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Wednesday, April 04, 2007

HAHAHAHAHAHAHA



Dear Simon Cowell,

I can only assume that your recent threats to quit your show are nothing more than an (albeit successful) attempt to gain more publicity. But maybe they're not. So let's review the concept behind the show you invented:

  1. You hold open auditions all over the country.
  2. Judges pick the most promising contestants.
  3. Viewers vote for their favourite contestants. They can vote as many times as they want, for any reason.
  4. Every week, the contestant with the fewest votes is kicked off the show.
  5. The last one standing is guaranteed to get a record contract. The others have to hustle to get similar or better contracts.
I think that's basically it. Oh wait...you're upset because you put a really bad singer named Sanjaya into the competition. You think he's a terrible singer. You're mad that people are voting for him just to make fun of your show. You think this is a mean thing to do.

I might agree with you, if it weren't for the fact that bad singers are your show's bread and butter. The early shows are nothing but bad singers, and you make fun of them all the way across the country. You have special "Worst of American Idol" shows and DVDs. I saw a live show last year where a delusional young man who styled himself after a former runner-up actually appeared on stage with his "Idol". Clearly, you don't hesitate to make fun of bad singers.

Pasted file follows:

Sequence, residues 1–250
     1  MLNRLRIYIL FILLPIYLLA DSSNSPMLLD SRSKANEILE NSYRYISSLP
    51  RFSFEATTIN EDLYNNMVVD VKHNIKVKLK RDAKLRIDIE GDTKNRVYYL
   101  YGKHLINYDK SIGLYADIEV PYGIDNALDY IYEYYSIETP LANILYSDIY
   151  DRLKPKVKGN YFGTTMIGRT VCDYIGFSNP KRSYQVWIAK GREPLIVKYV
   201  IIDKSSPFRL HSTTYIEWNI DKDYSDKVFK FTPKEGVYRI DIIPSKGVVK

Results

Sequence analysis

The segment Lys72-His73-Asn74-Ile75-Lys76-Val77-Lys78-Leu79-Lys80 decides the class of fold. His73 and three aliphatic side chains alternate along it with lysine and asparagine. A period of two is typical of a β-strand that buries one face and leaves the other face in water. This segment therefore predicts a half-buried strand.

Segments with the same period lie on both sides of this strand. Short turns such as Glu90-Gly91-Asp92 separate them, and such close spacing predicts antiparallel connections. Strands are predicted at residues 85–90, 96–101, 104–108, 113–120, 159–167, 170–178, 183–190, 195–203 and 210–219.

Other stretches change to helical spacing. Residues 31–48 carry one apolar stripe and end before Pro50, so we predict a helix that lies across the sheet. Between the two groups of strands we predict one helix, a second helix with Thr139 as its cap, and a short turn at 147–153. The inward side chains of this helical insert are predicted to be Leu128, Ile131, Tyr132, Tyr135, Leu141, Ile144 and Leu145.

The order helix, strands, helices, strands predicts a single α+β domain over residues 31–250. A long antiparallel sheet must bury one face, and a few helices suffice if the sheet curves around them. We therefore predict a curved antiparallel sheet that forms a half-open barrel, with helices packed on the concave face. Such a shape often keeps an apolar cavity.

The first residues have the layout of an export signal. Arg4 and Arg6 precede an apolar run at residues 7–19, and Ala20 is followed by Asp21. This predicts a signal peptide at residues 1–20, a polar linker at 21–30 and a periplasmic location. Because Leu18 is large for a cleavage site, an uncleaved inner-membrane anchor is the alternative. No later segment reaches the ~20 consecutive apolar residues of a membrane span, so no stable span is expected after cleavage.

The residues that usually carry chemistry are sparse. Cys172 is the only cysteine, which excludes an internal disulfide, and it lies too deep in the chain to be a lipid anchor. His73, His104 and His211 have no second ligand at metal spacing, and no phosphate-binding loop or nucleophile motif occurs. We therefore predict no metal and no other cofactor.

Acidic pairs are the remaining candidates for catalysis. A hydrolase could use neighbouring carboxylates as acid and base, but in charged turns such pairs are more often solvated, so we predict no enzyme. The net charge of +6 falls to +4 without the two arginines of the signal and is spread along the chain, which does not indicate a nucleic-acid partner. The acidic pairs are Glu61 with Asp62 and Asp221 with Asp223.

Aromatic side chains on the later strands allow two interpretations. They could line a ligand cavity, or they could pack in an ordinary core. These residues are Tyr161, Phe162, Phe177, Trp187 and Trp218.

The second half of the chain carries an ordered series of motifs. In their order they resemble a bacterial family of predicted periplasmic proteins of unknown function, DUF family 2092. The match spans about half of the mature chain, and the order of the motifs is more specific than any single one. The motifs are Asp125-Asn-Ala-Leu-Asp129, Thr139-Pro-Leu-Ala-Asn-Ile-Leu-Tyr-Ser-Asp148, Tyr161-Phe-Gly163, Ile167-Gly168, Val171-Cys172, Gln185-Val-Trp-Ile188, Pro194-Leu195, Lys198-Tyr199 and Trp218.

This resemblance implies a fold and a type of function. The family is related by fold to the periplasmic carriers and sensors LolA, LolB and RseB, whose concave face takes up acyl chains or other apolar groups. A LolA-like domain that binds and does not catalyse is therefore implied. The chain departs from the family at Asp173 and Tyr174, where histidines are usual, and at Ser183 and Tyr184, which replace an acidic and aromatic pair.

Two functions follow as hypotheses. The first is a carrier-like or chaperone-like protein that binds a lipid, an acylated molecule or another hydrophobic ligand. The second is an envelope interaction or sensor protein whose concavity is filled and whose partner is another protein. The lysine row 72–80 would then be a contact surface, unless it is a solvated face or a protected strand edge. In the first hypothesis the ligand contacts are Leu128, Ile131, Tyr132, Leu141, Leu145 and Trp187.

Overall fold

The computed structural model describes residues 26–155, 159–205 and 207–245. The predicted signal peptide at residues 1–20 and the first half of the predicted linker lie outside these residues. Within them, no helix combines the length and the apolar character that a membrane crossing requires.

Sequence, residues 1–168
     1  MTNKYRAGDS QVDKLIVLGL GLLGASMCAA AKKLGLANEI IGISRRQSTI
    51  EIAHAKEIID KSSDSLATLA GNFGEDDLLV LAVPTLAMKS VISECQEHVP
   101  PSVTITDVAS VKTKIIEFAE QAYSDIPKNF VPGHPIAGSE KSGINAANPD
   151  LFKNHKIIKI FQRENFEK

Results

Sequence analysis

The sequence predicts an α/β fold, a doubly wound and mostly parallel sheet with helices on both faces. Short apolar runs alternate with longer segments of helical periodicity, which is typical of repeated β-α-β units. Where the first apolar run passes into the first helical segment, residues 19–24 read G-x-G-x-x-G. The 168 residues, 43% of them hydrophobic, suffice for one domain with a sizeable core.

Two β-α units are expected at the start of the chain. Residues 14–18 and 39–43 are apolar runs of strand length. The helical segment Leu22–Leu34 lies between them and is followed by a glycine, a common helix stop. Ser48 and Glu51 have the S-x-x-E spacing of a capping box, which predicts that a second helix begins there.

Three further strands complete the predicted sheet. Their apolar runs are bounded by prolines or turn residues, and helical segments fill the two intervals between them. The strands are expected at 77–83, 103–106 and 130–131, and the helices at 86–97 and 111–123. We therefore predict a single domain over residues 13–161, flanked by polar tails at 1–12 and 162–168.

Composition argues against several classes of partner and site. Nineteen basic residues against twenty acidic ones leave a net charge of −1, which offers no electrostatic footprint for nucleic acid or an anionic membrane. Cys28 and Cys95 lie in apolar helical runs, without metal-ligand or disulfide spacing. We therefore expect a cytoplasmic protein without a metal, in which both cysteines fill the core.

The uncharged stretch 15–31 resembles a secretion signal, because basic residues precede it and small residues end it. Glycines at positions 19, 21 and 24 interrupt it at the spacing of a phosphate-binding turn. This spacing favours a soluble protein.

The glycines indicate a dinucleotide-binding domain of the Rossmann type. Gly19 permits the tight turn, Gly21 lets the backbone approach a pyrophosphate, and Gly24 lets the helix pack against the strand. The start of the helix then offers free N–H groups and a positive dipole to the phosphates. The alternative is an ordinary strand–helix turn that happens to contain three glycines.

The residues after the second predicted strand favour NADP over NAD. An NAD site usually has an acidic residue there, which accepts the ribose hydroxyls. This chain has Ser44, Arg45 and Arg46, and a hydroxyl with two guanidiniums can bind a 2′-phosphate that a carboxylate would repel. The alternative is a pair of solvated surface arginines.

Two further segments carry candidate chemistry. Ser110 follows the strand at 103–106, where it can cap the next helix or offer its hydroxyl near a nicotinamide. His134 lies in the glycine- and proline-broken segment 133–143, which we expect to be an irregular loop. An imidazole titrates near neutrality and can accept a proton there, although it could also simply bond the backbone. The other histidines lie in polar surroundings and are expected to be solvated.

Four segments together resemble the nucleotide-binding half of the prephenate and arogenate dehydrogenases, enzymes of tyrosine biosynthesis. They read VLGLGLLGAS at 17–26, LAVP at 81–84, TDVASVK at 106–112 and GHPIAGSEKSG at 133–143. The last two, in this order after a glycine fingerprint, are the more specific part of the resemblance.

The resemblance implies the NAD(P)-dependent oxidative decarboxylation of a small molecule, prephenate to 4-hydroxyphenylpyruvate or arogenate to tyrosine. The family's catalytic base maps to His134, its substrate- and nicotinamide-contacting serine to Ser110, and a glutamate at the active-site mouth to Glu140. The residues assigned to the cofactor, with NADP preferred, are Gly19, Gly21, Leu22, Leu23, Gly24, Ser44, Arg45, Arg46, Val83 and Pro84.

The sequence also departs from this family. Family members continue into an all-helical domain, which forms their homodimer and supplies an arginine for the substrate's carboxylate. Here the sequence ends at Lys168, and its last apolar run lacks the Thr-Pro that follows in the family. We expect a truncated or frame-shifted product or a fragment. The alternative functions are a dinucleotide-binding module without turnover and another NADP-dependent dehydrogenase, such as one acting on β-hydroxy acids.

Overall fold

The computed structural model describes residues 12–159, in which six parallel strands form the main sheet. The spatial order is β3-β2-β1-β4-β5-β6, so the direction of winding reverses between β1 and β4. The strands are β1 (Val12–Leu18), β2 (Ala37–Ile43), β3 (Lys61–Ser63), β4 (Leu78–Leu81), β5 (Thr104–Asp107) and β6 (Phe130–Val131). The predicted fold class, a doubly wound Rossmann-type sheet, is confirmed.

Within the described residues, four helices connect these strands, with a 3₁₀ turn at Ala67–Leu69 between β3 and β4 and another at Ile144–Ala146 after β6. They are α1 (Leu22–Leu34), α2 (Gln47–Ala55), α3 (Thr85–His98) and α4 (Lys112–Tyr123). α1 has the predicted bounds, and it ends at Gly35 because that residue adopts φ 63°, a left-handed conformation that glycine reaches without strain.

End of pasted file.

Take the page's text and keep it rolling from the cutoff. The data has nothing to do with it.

So you put this guy into the top 20, or whatever, and you're all upset because people keep voting for him. You want us to laugh at bad singers, but only at a time of your choosing. The lesson here might be that if you wouldn't want to see a person win the whole contest, you shouldn't put him into a position where members of the public will be able to control his fate.

3 comments:

Miss Lyndsy said...

Well said.

What that litigator needs to remember is that it was the producers who opened the polls to the people. What happens after that is unpredictable. We have seen this over and over again with interactive media: the intention of the creation being altered by its audience. We have seen hackers manipulate games by changing little things like how the characters look (I think it was Doom) and the fairness of the game (Grand Theft Auto). The Wii has already opened doors to uses that Ninentdo never imagined.

The woman hasn't a chance in the world to defend "Idol" against people like Howard Stern. She's the kid who had a tantrum whenever her friend spontaneously changed the rules while playing Tag.

The Capitalist said...

Ah, but WE are still the fools here. That chick didn't have tantrums at all, nor does she believe even slightly that she could win that case. They're hyping it up and we're watching.

Oh, and we should all get used to watching crap on TV that obviously makes no sense... Elections are coming up.

Steve & Megan said...

Nobody has changed the rules. This type of sabotage is entirely within the rules of the show.

They could fix this by allowing the public to vote for people to leave instead of voting for people to stay. However, that wouldn't build fan bases in the same way the current system does.

This is definitely free publicity, but I wonder how it affects the company's bottom line. Will people stop watching? I doubt it. Will they buy his CD if he wins? I doubt that too. Will it affect ad buys for next season? That's a better question: does this affect the way advertisers see the show?